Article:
Ride it instantly.

What is another twenty bucks per head per ride, when you’ve already stumped up a couple of hundred just to be there?

After all, the trip is supposed to be about making those perfect family memories. Those are not found in queues!

To the upper classes, the decision is automatic. A no-brainer.

For the rest, it may give pause. If applied liberally, pay-for-play rides can quickly double the cost of the day’s adventure. But as the marketing says, what price is happiness?

An Uber driver told me the larger Disney parks get around 100,000 people through the gate each day.

To cope with such huge volumes of “cattle”, Disney has sought to minimise class inequality. Those of means can pay to skip the queue on a ride. But they can only do so once per ride per day. After all, it is the peasants who contribute the majority of the profits. If they don’t get to ride eventually, they won’t purchase souvenirs and mementos at the end of ride gift shop.

A quick back-of-the-envelope calculation suggested that Disney must be clearing over USD$20,000,000 per day on ticket sales, car parking, merchandise, food, and queue-skipping after operating costs. Herding “cattle” is profitable indeed! No wonder Disney portrays the world as wonderful, populated with always smiling “friends”.

The Disney experience was a curious one.

Neither of my children were particularly interested in going. It felt weird to pull rank and force them to come on holiday.

The younger boy loathes long plane rides and anything that takes him away from computer games.

The elder boy is social by nature. Preferring to attend a music festival with his friends than spend a week vicariously watching the festival via social media, while trapped several timezones away with his family.

Our vacation was made more adventurous by the arrival of a hurricane. Tropical storm rains and tornado warnings upped the excitement. Nearby towns found themselves evacuated. Flooded. Without electricity.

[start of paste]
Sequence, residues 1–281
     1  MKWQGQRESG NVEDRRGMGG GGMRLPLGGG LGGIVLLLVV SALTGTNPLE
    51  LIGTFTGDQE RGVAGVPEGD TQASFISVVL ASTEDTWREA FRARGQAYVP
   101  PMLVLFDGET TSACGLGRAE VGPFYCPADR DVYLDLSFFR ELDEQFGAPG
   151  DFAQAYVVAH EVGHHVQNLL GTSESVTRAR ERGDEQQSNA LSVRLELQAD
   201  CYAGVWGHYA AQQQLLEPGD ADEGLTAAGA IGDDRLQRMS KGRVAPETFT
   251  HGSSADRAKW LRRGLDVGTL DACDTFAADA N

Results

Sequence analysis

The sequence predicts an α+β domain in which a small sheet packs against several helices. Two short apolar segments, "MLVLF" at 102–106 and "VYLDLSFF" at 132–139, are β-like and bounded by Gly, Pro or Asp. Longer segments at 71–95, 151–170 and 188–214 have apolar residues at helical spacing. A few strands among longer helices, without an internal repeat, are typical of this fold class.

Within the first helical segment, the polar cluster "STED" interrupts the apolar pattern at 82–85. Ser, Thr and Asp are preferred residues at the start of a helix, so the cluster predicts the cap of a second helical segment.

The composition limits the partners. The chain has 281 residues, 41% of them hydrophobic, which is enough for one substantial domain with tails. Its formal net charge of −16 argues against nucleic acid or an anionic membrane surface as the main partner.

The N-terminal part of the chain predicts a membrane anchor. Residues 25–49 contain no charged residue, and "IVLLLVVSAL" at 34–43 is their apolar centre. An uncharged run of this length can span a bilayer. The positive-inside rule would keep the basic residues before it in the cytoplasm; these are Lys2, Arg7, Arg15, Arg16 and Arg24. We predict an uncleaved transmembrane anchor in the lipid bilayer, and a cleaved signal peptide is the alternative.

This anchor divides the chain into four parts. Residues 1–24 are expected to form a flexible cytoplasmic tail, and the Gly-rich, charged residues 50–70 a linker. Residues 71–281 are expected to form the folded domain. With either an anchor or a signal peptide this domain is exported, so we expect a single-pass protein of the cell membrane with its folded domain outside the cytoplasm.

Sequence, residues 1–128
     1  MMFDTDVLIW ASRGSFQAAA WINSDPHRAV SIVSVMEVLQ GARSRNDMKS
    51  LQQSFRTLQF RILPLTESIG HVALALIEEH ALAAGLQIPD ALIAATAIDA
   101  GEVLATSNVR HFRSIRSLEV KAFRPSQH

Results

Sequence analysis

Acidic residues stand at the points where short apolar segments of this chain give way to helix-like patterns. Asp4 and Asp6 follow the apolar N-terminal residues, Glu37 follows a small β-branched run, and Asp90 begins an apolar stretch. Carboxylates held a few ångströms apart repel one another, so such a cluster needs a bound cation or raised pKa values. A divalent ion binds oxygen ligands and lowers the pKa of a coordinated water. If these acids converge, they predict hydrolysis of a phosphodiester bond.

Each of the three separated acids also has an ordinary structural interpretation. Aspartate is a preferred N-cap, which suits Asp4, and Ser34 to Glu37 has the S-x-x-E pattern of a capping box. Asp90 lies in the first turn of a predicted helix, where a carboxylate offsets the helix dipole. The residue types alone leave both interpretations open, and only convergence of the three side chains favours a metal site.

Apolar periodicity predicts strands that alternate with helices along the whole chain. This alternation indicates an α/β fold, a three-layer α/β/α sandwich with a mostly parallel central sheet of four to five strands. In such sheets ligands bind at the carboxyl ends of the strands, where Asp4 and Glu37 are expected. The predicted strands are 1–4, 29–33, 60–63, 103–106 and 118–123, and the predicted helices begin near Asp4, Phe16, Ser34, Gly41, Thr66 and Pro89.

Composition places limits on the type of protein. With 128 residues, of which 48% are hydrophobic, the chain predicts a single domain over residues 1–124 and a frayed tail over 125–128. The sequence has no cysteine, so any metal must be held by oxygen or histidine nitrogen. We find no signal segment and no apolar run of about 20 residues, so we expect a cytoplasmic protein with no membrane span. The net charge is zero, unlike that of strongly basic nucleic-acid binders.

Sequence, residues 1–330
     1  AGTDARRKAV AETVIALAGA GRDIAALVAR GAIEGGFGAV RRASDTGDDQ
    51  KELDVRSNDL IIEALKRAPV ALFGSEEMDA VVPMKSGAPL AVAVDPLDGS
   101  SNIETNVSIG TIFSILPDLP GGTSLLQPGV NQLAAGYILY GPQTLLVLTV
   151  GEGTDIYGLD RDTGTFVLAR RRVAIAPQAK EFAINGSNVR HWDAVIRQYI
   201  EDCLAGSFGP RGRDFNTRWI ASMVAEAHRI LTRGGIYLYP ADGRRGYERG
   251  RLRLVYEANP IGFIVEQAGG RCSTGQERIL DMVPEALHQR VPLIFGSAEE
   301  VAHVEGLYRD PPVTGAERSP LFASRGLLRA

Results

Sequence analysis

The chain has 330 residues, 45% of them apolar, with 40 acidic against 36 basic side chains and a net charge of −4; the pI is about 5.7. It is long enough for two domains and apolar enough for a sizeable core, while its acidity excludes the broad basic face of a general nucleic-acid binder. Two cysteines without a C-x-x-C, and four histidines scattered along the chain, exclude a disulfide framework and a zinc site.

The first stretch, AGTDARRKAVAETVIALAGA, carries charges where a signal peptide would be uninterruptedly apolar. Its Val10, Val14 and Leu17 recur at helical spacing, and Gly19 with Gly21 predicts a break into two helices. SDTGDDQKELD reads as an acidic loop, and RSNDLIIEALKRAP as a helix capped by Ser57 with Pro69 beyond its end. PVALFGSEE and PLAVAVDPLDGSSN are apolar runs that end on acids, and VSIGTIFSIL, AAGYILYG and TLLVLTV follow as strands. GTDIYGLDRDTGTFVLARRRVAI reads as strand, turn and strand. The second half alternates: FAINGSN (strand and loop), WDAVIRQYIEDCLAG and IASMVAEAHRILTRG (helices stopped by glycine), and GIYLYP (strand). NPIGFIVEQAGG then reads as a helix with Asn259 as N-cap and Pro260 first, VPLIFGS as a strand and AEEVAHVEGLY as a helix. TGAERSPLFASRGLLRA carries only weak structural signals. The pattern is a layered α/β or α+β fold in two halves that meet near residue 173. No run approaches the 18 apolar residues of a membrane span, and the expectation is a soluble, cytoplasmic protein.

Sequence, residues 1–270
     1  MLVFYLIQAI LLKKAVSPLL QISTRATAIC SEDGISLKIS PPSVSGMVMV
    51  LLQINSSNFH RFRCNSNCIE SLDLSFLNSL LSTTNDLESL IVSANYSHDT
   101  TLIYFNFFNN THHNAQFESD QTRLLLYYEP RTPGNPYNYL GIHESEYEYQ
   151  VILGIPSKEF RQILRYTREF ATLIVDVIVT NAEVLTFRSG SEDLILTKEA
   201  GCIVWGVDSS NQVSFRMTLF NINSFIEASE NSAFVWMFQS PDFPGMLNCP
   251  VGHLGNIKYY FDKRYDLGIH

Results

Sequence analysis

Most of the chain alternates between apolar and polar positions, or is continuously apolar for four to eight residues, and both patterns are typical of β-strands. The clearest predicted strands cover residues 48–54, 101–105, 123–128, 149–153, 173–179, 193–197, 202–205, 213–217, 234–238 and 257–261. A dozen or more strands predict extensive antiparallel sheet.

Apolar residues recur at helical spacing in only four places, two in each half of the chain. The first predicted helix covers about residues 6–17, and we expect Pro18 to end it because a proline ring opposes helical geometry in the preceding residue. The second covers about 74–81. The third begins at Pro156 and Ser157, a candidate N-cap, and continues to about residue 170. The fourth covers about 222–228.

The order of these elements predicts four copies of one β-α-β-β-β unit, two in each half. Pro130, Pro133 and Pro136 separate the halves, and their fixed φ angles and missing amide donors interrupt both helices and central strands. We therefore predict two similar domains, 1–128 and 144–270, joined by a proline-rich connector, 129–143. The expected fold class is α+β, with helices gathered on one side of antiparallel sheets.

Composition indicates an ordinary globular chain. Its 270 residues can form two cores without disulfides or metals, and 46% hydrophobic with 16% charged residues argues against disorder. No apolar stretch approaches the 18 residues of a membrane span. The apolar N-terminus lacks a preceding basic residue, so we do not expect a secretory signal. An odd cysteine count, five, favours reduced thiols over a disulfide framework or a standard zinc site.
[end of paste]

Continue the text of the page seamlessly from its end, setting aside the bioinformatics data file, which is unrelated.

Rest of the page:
Fortunately, the hurricane bypassed our neighbourhood. Local tourism operators steadfastly remained open for business.

To the locals, such things are commonplace.

Were they to flee every time a local government official issued a warning, either seeking to see their name in headlines or to avoid potential lawsuits, they’d be away from home for up to a quarter of the year.

Part bravado. Part denial. Part scepticism. Cry wolf too often and risk losing your audience.

I must confess to enjoying this part of America.

Spread out.

Laid back.


Friendly, for the most part.

It reminded me somewhat of my homeland. Apart from the endless strip malls, containing factory outlet stores alongside machine gun merchants. Or billboards advertising the services of ambulance chasing personal injury lawyers and the opportunity to drive a real armoured tank. Those are things uniquely American.

The location lacked the impatient hustle of New York, and the pretension of San Francisco. Neither was not a bad thing.

This time around spending British pounds meant nothing seemed “cheap”. Not food. Transport. Nor shopping. A marked difference to my last dozen visits to the United States. The one electronics store I wandered through offered small arbitrage opportunities, but some quick figuring determined the difference was due to sales taxation levels and import duties.   

The locals had some interesting perceptions of the United Kingdom.

Many people I encountered had visited England. A surprise, given nearly half of Americans don’t own a passport.

Many of those had preferred the regions over the capital. Describing it as a crowded, congested, expensive, polluted, noisy city that was far away from the friends, family, and work sites they had come to visit.

For the most part, they felt sorry for the English.

High prices. High taxes. Expensive housing. Weak currency.

Dysfunctional government, with a competency level rivalled only by Türkiye or Venezuela.